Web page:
“Encourage the souls with whom you come in contact to trust in My infinite mercy. Oh, how I love those souls who have complete confidence in Me- I will do everything for them” (294)

When I was in college, I had a powerful experience while traveling to Europe and my life has never been the same. I learned a lesson that I still find myself reflecting on in the quiet of the night and I realize that this was the moment I learned to believe those powerful words, “Jesus, I Trust In You.”

As part of a study abroad program in the quaint village of Gaming, Austria nestled in the foothills of the Alps, I visited over eight countries in four short months. It was an incredibly unique privilege to experience first hand some of the Church’s greatest treasures. I had prayed before the remains of St. Thérèse the little flower in Lisieux, walked in the footsteps of St. Francis, bathed in the healing waters of Lourdes, and attended a papal audience with Pope John Paul II who is now a saint. I was truly coming off the trip of a lifetime and it had given me the universal perspective I needed as a young Catholic woman. I realized not only that the Church was worth investing myself in but also that her teachings could be trusted. Needless to say, I got caught up in the Holy Spirit and gained the outlook I needed to accept the will of God in my life.

After seeing all the glories of Western Europe in St. Peter’s Basilica in Rome, Notre Dame Cathedral and Sacra Cour in France, I never would have guessed that of all the places I visited, the one that would most profoundly affect my life was the visit to that tiny chapel in Krakow, Poland.

There, I had been questioning my vocation and had walked away with a sense of peace. Perhaps I had been looking for God in the storms but he found me in the gentle breeze. The humble chapel with the simple picture of Jesus painted by a local Polish artist spoke to my heart more than the magnificent work of Michelangelo on the ceiling of the Sistine Chapel.  “Jesus I trust in you. Jesus I trust in you,” kept coming to the forefront of my mind.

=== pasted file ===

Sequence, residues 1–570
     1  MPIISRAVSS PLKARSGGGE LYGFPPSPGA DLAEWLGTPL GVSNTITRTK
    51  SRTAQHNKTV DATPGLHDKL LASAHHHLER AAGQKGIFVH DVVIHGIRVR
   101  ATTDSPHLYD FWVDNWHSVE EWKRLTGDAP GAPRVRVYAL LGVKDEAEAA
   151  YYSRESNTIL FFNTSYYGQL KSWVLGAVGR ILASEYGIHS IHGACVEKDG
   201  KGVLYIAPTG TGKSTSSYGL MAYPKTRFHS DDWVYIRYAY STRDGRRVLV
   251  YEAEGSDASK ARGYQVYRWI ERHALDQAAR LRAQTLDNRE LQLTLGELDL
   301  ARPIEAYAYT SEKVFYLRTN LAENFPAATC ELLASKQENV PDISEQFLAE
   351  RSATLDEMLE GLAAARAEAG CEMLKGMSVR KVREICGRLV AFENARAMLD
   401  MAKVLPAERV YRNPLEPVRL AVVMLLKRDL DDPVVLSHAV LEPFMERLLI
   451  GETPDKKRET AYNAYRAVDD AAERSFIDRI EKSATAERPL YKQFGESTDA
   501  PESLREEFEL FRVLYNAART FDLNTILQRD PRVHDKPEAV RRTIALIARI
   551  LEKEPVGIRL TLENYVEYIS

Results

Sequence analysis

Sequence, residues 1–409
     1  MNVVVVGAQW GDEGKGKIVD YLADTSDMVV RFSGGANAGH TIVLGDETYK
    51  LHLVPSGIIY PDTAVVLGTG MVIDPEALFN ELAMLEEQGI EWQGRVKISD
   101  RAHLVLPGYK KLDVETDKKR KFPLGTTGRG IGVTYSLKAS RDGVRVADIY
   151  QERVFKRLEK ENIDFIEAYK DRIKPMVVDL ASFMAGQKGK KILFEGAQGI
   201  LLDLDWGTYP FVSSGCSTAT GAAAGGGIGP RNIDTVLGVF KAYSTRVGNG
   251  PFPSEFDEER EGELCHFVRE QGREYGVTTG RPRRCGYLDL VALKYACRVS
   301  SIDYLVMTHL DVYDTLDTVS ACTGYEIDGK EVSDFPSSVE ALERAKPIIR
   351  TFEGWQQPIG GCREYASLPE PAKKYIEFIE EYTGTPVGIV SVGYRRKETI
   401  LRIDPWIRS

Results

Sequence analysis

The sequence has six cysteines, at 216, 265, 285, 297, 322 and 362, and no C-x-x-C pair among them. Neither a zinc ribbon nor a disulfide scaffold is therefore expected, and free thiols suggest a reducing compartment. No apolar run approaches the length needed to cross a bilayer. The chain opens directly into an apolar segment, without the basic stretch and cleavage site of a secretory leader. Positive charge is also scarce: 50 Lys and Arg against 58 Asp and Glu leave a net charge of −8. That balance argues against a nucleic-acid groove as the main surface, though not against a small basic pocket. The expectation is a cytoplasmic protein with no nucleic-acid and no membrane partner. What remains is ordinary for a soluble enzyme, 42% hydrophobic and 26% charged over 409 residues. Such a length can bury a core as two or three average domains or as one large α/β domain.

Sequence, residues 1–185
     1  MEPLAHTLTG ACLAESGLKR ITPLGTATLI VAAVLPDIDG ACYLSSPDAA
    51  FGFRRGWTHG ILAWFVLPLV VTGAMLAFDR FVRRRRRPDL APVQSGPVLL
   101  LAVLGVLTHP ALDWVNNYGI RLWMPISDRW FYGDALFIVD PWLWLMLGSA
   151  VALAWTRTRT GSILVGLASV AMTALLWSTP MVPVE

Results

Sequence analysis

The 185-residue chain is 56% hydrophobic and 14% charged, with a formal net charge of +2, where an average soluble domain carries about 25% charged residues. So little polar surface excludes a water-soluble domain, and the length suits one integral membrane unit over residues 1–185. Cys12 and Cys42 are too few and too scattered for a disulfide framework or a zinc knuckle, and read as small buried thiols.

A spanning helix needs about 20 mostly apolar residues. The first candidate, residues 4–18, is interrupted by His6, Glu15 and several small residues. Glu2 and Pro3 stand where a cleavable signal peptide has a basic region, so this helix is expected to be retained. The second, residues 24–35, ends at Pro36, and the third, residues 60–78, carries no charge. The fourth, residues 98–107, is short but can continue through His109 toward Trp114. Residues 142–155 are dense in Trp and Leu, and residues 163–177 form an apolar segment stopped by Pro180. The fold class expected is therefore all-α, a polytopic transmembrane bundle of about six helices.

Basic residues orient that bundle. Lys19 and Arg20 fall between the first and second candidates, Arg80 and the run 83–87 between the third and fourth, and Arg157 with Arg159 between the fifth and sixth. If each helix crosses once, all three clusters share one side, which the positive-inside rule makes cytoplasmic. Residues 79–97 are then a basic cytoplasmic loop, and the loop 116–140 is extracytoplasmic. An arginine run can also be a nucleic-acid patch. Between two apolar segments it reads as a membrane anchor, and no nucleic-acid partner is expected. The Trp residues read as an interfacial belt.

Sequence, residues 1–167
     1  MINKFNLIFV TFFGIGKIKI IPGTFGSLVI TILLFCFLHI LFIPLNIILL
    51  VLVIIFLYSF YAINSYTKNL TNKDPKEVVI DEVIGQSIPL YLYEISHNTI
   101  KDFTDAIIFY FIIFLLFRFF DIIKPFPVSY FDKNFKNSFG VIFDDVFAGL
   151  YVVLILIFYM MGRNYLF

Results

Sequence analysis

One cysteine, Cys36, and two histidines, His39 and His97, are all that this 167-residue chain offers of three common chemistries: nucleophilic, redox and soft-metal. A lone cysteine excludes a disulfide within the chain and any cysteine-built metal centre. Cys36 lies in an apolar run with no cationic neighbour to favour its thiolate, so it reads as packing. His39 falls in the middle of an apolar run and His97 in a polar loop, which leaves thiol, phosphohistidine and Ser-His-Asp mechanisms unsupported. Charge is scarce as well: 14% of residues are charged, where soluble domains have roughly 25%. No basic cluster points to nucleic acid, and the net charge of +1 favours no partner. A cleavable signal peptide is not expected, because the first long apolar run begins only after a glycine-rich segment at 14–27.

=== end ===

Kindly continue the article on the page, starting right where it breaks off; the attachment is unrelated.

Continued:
Sadly, the journey had to come to an end. I packed my bags and headed to the airport.  After spending the final days of my time abroad celebrating and partying, I was utterly exhausted and living quite literally off adrenalin alone. “I can sleep in America,” was my motto. I wanted to maximize my time in Europe but I didn’t consider the effect it would have on my return journey.

The trip home started off bumpy as the airplane needed to be de-iced twice in Austria’s wintry December weather.  I was already off schedule for my connecting flight and more bad weather in England left me even more delayed.  That night, sitting in the dark airplane, I held a Christmas card my parents had sent with the image of the Holy Family on the front. I looked to heaven and prayed, “I need your help getting home. I am going to totally trust you, Lord, and your mother.”

I never thought that this prayer would be so important. I made it to New York City. At that point, I was traveling alone with a trunk of items, a travel bag and twenty dollars. My plane flying into JFK International Airport was one of the last planes to arrive that night. The agency that booked my flights had only given me a few hours of wiggle room (assuming the plane was on time) to catch a flight in a different terminal at 11:00 p.m.  Now, with all the delays, I had even less time.